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palate. I remember myself once seeing a Chinaman who had received a bullet in his right eye, which came out under the left jaw, shattering his palate considerably; and yet when the splinters of bone were picked out he did not even wink, nor was it necessary for any one to hold his head during the operation.

In the case of General Yang, which has already been alluded to, the bullet had entered the side of the chest between the second and third ribs, and, passing through the lungs, had lodged in the muscles forming the posterior fold of the axilla. The removal of tbe bullet by incision greatly delighted the patient and his friends, for Chinese doctors never venture on such an operation; and the effusion which took place into the carity of the chest was relieved after a fortnight by a copious expectoration of a pinkish-coloured pus which lasted for two days. At the end of four weeks he was able to walk about, and some time afterwards resumed his command, and was also married.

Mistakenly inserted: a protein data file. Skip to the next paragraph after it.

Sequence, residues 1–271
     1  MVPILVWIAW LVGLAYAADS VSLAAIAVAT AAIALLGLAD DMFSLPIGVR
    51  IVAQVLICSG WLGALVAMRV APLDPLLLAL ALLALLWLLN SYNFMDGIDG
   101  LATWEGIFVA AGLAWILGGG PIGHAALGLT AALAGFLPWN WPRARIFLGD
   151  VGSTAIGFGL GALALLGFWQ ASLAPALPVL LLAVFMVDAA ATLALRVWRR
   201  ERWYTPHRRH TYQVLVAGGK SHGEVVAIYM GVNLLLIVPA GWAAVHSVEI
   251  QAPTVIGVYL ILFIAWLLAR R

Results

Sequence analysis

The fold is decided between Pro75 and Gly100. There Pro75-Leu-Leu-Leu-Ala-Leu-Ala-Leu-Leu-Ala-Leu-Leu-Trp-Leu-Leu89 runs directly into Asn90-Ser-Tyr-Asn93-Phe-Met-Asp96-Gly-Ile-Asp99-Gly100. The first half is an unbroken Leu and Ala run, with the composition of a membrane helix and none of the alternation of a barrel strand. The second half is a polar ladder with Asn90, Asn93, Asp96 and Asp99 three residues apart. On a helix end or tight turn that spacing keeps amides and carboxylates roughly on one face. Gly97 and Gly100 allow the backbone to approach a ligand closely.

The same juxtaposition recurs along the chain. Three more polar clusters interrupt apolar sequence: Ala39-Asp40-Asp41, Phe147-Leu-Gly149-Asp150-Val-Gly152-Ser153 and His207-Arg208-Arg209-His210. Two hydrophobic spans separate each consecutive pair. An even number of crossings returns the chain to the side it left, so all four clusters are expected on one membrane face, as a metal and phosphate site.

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CHAPTER XV.

VISIT TO TSENG KWO-FAN-SKETCHES OF NATIVE

AND ENGLISH OFFICIALS IN CHINA.

SENG KWO-TSUN--VIEW OF NANKING AND THE IMPERIALIST LINES

-APPEARANCE OF TSENG KWO-FAN - GORDON'S CONVERSATION WITH HIM-GENERALS PAOU AND PING-CHINESE MANDARINSMANDARIN BUTTONSKI yixG'S HISTORY-HIS ODE ON LEAVING CANTON--HIS TREATMENT BY LORD ELGIN, AND HIS FATE-YEH AND PIH KWEI--KWEILIANG AND HWASHANA-SANKOLINS!N--SU SHU-EX AXD THE PRINCES OF I AND CHING-SHUNG POW-PRINCE KUNG-WAN SEE-ANG, THE PRESENT PREMIER OF CHINA-LI HUNG CHANG-TSENG KWO-FAN, GENERALISSIMO OF ALL THE CHINESE FORCES--SIR JOHN BOWRING-LORD ELGIN-SIR FREDERICK BRUCE -SIR R. ALCOCK-MR WADE, SIR HARRY PARKES, AND MR LAYMR T. T. MEADOWS-ADMIRAL HOPE AND CAPTAIN DEW-GENERALS STAVELEY AND BROWN-COLONEL GORDON AND MR HART.

In June 1864, after the dissolution of his force, Colonel Gordon paid a visit to Tseng Kwo-fan at Nganking, and had some interesting and important conversation with. him regarding military matters in China. On reaching Nanking on his way up the Yangtsze, the Colonel first met with the great man's brother, Tseng Kwo-tsun, the Governor of Chekiang, who commanded all the troops round the Rebel capital, and who was residing on one of the hills behind Porcelain Tower Hill. This Mandarin was about forty years of age, pleasant and active, and was at the time particularly engaged in

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